Experts also recommend that drivers keep an emergency kit available during all seasons, which can be handy if traffic becomes stalled after a serious collision. According to AAA, 40 percent of American drivers don’t carry an emergency kit in their vehicles.
During winter, an emergency kit should include first-aid supplies, drinking water, snacks, a flashlight with extra batteries, jumper cables, warm gloves, clothes, hats and blankets. Gas tanks shouldn’t fall below a quarter full and a mobile phone and charger should be accessible.
“It’s important to be prepared,” said Ragina Ali, spokeswoman for AAA Mid-Atlantic. “I’m hoping that incidents like this have caused people to carry an emergency kit in their vehicle. Unfortunately, they’re painful reminders of how important it is to actually have one with you.”
Ali said travelers should follow social media accounts or websites of state departments of transportation where they are traveling. In turn, she said agencies should “do their best to advise motorists of what is expected as far as weather goes … and also advise motorists to stay off the roads,” when necessary.
VDOT said it is conducting a “multipronged review” of its state, district and local messaging systems, while employees have received preparedness training that emphasizes improved messaging. The state’s 511 system, a key source of traffic information that remained relatively quiet during January’s storm, is receiving an upgrade expected to be finished next year, Herman said.
The state has also purchased a new system to enable two-way communication between drivers and VDOT crews during emergencies. A new service to launch in December will allow in-cab safety alerts to commercial vehicles during weather events. The state has also partnered with Waze to provide emergency updates, officials said.
VDOT’s nine districts have also identified additional locations to stage wreckers and snowplows, especially where work zones effect movement in the area.
VDOT also plans to have more staff available to drive routes and report on conditions, prioritizing areas where traffic cameras become unavailable. At the recommendation of the inspector general, VDOT also is exploring the use of backup power for highway cameras, although those plans are in early phases.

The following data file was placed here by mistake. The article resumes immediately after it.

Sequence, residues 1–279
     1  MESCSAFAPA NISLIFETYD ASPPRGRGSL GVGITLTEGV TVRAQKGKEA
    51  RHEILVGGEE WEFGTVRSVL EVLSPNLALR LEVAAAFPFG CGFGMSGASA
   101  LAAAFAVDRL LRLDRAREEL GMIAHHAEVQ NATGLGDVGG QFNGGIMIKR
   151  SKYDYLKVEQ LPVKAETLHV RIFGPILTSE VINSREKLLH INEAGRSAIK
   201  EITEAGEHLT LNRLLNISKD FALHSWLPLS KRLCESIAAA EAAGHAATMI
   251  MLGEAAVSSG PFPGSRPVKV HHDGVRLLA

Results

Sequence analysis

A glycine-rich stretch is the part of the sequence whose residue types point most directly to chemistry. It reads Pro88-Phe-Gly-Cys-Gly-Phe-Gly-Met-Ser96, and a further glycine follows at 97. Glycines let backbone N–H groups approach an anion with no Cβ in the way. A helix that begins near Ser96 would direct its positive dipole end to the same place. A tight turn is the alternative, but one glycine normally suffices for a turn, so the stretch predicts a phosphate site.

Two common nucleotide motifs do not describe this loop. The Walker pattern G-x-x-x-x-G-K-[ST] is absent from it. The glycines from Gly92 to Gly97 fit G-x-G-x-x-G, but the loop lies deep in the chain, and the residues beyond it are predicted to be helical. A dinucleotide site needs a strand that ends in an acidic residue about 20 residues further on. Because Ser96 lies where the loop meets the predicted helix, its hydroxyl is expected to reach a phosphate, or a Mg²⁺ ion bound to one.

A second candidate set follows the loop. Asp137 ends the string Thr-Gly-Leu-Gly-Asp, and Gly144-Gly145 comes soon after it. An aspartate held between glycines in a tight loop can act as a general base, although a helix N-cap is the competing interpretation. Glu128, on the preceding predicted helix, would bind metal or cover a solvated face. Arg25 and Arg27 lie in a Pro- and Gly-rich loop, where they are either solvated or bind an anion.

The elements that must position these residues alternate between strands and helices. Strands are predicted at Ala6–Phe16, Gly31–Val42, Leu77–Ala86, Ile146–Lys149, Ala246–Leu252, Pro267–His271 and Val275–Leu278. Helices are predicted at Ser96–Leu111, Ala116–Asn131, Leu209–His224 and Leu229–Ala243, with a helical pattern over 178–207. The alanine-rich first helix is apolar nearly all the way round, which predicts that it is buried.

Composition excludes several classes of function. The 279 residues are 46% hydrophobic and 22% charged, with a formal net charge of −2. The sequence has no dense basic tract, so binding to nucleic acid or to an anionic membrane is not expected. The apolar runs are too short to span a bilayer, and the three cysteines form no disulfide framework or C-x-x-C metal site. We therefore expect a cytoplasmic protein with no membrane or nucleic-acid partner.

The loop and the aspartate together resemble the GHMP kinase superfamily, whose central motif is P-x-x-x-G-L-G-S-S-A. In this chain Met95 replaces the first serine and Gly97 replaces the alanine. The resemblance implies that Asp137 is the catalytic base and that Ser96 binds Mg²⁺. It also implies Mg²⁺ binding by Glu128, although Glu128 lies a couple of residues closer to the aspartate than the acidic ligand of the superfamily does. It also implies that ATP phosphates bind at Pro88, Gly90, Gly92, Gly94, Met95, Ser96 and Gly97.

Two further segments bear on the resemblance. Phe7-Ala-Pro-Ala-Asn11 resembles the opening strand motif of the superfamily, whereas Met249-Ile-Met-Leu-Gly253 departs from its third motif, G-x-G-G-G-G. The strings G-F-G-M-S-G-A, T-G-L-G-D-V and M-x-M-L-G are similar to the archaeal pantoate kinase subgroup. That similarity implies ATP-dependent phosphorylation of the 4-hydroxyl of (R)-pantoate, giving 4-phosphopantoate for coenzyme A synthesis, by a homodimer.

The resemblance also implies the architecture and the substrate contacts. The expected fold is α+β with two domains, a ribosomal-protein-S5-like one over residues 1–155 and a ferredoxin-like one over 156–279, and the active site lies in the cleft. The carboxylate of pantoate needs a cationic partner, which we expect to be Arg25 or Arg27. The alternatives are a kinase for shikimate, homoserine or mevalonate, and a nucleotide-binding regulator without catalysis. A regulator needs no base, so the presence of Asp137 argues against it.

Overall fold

Virginia State Police said it has acquired several drones equipped with cameras that can be used to assess traffic incidents and identify traffic chokepoints and detour routes, particularly in places where VDOT cameras are not available.
VDOT said each of its districts will set up its own “district command” during major weather events, placing local leadership in a position to better report to the agency’s central office in Richmond.
State police are reviewing emergency response policies and procedures to ensure they align with the recommendations of two investigations into the storm. Spokeswoman Corinne Geller said the agency also has changed its communications policy so its superintendent’s office is kept informed of critical incidents and “significant unusual occurrences.”
The three agencies are continuing to work on a plan for handling long-term closures and assisting stranded motorists, officials said, with directives to coordinate wellness checks, and if necessary, message motorists through texting software already used in Pennsylvania and New Jersey. More immediately, police have started to tag agencies in neighboring states when posting about conditions on social media.
Marsden said he is confident state agencies and Virginia leadership will be prepared to confront severe storms and have learned from the problems that surfaced in January along I-95.
“What you’re probably going to see on the administration’s part this winter is hyper-vigilance,” he said. “We learned from it. I think we’ll do better.”